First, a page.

Documentary Illustrates Importance of Community Newspapers

'Newspaper Pioneers" to air on South Dakota, Prairie Public Broadcasting

  • newswise-fullscreen Documentary Illustrates Importance of Community Newspapers

    Credit: Photo by Dave Willis, The Fargo Forum

    Journalists involved in the making of a one-hour documentary based on the oral histories of eight North Dakota newspaper editors, publishers and columnists gather before the film’s premiere last summer in Fargo. They are, from left, Lea Konczai, Teri Finneman, Jane Brandt, Bob Lind, Marilyn Hagerty, Bill Marcil Sr., Richard Peterson, Mike Jacobs, Roger Baily, John Andrist and Ryan Babb. The film was initially titled “Inside Stories.”

Newswise — “Newspaper Pioneers,” a one-hour documentary film based on the oral histories of eight North Dakota newspaper journalists, will air 3 p.m., Jan. 28 on South Dakota Public Broadcasting.  The film will also air 8 p.m., Jan. 29 on Prairie Public Broadcasting.

“In the current media environment, it’s really important to tell the story of the press and the real difference they make in people’s lives and in their communities,” said Teri Finneman, the film’s executive producer and an assistant professor of journalism at South Dakota State University. The film, which was supported by the North Dakota Newspaper Association, debuted last summer in Fargo.

Finneman, who began her journalism career in North Dakota, had just finished an oral history project on notable women journalists when she learned through her hometown newspaper that the North Dakota Newspaper Association was establishing a digital hall of fame.  She then proposed the oral history idea.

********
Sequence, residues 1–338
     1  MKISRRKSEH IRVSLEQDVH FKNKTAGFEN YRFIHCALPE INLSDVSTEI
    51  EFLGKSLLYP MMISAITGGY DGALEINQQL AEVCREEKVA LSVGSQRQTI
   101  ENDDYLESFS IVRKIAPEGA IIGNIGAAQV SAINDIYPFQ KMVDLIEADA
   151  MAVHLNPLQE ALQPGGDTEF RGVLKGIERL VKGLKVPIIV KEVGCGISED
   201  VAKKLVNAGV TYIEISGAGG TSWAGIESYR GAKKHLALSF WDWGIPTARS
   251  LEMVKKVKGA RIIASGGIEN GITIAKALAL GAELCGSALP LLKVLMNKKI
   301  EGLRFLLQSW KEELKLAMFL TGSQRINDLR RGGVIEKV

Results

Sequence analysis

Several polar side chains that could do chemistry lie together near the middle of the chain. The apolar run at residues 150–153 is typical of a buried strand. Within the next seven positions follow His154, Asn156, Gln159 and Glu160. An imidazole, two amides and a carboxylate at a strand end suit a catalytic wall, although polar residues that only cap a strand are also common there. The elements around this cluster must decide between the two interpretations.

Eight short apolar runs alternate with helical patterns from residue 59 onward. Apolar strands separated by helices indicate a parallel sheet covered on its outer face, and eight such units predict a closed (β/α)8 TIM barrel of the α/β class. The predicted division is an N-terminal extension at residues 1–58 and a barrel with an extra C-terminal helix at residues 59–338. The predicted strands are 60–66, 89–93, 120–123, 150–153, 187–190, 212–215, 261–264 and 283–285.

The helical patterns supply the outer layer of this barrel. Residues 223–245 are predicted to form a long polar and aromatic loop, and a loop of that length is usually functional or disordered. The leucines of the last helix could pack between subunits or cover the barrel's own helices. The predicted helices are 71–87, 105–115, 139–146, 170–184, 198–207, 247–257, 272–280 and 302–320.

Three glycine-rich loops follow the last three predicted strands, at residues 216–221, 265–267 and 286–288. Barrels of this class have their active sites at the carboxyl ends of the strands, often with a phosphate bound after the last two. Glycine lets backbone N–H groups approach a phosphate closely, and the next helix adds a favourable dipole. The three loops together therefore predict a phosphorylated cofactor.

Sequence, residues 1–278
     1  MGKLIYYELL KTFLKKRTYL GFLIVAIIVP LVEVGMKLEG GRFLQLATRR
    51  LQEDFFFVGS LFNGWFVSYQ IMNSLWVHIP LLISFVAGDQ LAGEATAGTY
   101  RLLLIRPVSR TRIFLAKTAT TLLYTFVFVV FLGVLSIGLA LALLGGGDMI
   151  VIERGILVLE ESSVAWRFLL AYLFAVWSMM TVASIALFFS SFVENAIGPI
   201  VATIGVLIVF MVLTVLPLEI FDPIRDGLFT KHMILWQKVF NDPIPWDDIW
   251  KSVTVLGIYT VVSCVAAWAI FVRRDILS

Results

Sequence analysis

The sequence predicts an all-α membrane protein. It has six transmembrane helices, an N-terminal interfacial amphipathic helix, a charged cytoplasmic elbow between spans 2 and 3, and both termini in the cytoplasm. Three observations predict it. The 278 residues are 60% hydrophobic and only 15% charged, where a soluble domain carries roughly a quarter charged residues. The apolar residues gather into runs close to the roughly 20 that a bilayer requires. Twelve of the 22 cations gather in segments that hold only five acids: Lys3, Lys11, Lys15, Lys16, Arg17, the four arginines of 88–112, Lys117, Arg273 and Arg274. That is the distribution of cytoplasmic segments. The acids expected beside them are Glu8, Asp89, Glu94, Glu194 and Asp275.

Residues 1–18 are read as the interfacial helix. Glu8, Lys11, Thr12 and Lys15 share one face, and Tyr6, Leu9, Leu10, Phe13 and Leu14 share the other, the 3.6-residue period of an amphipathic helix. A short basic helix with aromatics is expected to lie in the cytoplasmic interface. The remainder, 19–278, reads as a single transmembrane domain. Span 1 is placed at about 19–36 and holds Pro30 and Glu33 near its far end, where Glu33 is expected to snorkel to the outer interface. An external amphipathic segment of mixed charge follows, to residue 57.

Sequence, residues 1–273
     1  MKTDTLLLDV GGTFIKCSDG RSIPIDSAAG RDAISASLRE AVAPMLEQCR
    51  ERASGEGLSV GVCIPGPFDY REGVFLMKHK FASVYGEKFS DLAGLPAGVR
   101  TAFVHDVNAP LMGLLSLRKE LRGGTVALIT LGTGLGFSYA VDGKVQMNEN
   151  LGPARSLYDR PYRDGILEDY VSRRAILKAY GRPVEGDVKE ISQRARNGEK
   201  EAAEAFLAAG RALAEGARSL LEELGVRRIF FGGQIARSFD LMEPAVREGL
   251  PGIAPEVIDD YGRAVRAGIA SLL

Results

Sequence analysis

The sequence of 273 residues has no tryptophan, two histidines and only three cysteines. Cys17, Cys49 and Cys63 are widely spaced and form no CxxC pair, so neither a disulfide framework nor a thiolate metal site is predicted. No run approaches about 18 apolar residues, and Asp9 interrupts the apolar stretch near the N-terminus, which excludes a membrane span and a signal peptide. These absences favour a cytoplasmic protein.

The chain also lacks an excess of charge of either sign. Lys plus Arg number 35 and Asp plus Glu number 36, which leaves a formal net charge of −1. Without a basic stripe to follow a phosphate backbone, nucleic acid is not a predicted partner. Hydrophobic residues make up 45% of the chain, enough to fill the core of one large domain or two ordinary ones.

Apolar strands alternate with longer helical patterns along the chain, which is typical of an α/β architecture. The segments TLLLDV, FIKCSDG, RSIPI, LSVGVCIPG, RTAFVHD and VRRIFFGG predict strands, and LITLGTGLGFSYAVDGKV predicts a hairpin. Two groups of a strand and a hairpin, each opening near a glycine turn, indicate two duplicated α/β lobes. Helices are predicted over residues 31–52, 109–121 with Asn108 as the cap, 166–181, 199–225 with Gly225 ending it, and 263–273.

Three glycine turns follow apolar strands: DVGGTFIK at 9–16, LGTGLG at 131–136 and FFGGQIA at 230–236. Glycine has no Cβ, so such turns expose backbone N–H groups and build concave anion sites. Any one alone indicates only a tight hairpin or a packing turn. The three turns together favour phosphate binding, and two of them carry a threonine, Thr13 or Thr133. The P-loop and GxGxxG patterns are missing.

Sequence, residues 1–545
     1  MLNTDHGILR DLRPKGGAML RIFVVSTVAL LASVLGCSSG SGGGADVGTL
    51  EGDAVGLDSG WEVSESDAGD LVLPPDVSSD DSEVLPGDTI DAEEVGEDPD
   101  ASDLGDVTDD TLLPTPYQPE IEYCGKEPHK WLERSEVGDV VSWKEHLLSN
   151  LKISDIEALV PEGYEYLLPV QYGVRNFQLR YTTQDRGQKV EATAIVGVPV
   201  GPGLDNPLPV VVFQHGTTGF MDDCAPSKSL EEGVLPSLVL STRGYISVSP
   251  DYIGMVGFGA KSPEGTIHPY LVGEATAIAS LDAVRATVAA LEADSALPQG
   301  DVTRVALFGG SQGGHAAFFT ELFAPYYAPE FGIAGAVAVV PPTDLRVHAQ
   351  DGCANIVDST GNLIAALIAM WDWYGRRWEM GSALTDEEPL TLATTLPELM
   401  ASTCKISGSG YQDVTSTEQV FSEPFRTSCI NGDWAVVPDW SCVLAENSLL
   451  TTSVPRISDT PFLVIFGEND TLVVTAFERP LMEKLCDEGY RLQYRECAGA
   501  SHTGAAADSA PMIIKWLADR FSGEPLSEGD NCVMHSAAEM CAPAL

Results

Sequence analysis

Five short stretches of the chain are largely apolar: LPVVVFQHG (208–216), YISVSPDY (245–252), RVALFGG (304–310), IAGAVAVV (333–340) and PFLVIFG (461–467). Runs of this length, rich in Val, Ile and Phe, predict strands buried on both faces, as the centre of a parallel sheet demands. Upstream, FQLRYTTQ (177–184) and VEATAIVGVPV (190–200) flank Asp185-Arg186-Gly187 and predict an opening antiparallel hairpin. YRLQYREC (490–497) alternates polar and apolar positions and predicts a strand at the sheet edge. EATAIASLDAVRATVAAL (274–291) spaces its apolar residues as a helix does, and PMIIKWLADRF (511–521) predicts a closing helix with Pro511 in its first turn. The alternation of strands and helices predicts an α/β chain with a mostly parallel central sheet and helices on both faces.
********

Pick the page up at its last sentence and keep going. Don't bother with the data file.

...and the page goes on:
She has also begun working on a similar project with the South Dakota Newspaper Association. Finneman and her history of journalism students have filmed nine interviews with South Dakota journalists.

“As a media historian, I am very aware that much of media history is focused on the major media outlets, like the New York Times and Washington Post,” she said. “However, small regional media comprise the majority of journalism in this country, so it’s important to also capture that history.”

During a three-year period, Finneman interviewed eight North Dakota columnists, editors and publishers, with Ryan Babb, formerly of the Fargo Forum, doing the filming. Students at the University of Missouri School of Journalism, where Finneman earned her graduate degrees, compiled the histories into a documentary.

Mike Jacobs, retired editor and publisher of the Grand Forks Herald, for instance, talks about how the dike broke during the 1997 flood and he and his staff had to evacuate their building, which subsequently burned. The newspaper staff operated out of an elementary school in Manvel, North Dakota; had the paper printed in St. Paul, Minnesota; and then flown back to Crookston, Minnesota and driven to Grand Forks. He recalled how people literally ran up to him asking for a copy of the newspaper.

“People don’t realize how critically important news is until we are in the midst of a devastating event,” Finneman said.

Other journalists who tell their stories are the late John Andrist, former publisher of the Crosby Journal; Jane Brandt, publisher of the Hebron Herald; Bob Lind, columnist for the Fargo Forum; Marilyn Hagerty, columnist for the Grand Forks Herald, Bill Marcil Sr., former publisher of the Fargo Forum, Richard Peterson, former publisher of the Benson County Farmers Press, and Roger Bailey, former publisher of the Turtle Mountain Star.

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